Brexit: Preparations and Negotiations - Motion to Take Note

Part of the debate – in the House of Lords at 8:06 pm on 23rd July 2018.

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Photo of Baroness Wheatcroft Baroness Wheatcroft Conservative 8:06 pm, 23rd July 2018

My Lords, it gives me great pleasure to follow my noble friend Lord Gadhia, as I share many of his concerns. This White Paper represents a step in the right direction. It recognises the harsh realities of the single market and opens the way for a more pragmatic negotiation. But, as I read it, I had in mind the maiden aunts of the noble Lord, Lord Lisvane. Your Lordships will recall that they planned a trip to the cinema, only to be confronted with a choice between “Reservoir Dogs” and “The Texas Chainsaw Massacre”. Did the White Paper promise them something more alluring? The answer has to be yes, but I believe that the noble Lord’s aunts would be as discerning as he, and would quickly realise that, while the programme might not be quite as gory as some, it would be a deeply uncomfortable experience, perhaps more akin to the psychological horror of “The Birds”.

There are elements of the White Paper that Monsieur Barnier has already indicated are for the birds. Most importantly, he has indicated that proposals for enhanced equivalence to ensure that our financial services industry can still flourish will not be acceptable to the 27. Why would they be? Why would they be willing to water down their concept of the single market and the rules that govern it to accommodate our financial services industry? The White Paper acknowledges repeatedly that, even in its suggested version of Brexit, Britain’s access to the EU markets for services would be reduced. I have asked my noble friend the Minister, who sadly is not in his place, if he could give an indication of how much we will have to pay for that reduction in access. I ask again: could we have an estimate of what we will lose?

Financial firms are already moving their operations out of Britain. Brexit would produce a stampede. My friend from the other place, the honourable Member for North East Somerset, is already showing the way, having just launched a second fund in Ireland—a wise move, since he has suggested that any benefits of Brexit could be 50 years away. He has said:

“We won’t know the full economic consequences for a very long time, we really won’t”.

He is in a position to do this, perhaps. As the right reverend Prelate the Bishop of Leeds, suggested, wealthy fund managers can afford to gamble and to take such a cavalier action with their own finances, but to suggest that they should bully the Prime Minister into taking such a gamble with the finances of the country seems appalling.

The Bank of China’s UK head, Sun Yu, says that no deal would threaten London’s status as a hub for international banks. Any version of Brexit does that. The no-deal Brexit which some now favour over the White Paper version could create real hardship. The IMF calculates that no deal could cost nearly £200 billion in lost output to this country.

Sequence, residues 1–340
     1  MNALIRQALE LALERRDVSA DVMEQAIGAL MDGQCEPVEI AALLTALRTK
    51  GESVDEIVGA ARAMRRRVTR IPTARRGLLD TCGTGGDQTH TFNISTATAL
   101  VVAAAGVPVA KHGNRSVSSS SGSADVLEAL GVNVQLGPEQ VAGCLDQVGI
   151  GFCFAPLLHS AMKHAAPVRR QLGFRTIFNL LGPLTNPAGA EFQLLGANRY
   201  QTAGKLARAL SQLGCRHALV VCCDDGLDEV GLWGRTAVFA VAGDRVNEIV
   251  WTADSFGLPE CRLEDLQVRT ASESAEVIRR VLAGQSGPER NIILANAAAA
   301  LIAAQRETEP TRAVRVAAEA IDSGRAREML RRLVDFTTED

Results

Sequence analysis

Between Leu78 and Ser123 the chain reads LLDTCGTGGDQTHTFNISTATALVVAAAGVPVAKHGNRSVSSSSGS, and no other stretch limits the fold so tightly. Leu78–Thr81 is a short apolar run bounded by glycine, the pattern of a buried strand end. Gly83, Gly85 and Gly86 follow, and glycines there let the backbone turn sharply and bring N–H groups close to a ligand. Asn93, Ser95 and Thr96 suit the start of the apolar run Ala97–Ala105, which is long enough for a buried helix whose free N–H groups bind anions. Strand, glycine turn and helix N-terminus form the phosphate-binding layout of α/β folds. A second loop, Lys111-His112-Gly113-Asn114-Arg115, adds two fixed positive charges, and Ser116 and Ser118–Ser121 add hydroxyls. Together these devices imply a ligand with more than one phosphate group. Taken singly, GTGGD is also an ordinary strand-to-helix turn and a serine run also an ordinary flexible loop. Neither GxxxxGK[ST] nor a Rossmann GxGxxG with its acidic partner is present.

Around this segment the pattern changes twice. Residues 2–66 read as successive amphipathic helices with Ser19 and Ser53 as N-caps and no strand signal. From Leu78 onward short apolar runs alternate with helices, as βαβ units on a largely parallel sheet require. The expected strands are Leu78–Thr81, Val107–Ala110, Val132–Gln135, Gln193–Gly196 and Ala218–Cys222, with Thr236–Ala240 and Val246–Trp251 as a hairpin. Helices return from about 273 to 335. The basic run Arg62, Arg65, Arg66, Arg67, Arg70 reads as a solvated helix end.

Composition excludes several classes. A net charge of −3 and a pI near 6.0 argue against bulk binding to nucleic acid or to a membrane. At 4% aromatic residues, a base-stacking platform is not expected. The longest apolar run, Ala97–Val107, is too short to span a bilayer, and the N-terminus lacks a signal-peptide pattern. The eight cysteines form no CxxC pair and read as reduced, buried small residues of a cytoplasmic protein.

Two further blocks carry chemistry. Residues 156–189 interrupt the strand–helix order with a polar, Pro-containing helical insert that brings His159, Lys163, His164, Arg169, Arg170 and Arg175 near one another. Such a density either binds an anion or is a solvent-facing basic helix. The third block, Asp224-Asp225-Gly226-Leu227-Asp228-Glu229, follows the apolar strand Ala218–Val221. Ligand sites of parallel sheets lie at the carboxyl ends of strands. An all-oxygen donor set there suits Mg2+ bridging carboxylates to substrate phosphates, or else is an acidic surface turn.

On trade in goods, the White Paper accepts that the price of access to the EU’s markets will be accepting EU rules without any say in their formulation. The aunts of the noble Lord, Lord Lisvane, would be reaching for the smelling salts by the time they reached paragraph 16(b) of chapter 1 of the paper. This attempts to spell out how tariff collection will work. We have already heard about the inevitable tailbacks and the threat to foodstuffs and medicines, but charging the right tariff will be a matter of guesswork. The White Paper envisages that in,

“up to 96 per cent”,

of cases the tariff will be correct, but note the “up to”. For the rest, there will have to be a repayment mechanism. Given that the EU sells us more than £300 billion-worth of goods every year, that provides ample scope for Her Majesty’s Revenue and Customs to be rather bogged down in requests for refunds.

The benefits of being in the EU are huge. The realisation of that is why the White Paper states, somewhat plaintively, that we wish to remain in many EU institutions, even while accepting that we will not have any say in their deliberations.

The benefits were what persuaded the country to join the Common Market in 1971. Incidentally, in an excellent article in the Irish Times, Fintan O’Toole recently pointed out that the 1971 White Paper sold more than 1 million copies. I doubt that this one is such a bestseller. The 1971 White Paper began by stating:

“The prime objective of any British Government must be to safeguard the security and prosperity of the United Kingdom and its peoples … The Government are convinced that our country will be more secure, our ability to maintain peace and promote development in the world greater, our economy stronger, and our industries and peoples more prosperous, if we join the European Communities than if we remain outside them”.

That remains true of our involvement in the EU today.

The calamitous cost of Brexit becomes more evident every day. It is no wonder the public are waking up and a majority have decided that they would prefer to remain in the EU than face a hard Brexit. A customs agreement and single market access, the Norway option, would be less painful and is probably the best that will eventually be on offer, but that means paying through the nose for less than we have now. It is not my idea of a bargain.

I end up in the same place as the noble Lord, Lord Lisvane: faced with two, deeply unattractive options, should not his aunts have a choice to change their mind and not to go to the movies after all? That is why the country should be given a vote on the deal. I have now to declare my interest as a director of the People’s Vote media hub. The country deserves a chance to vote on what is on offer.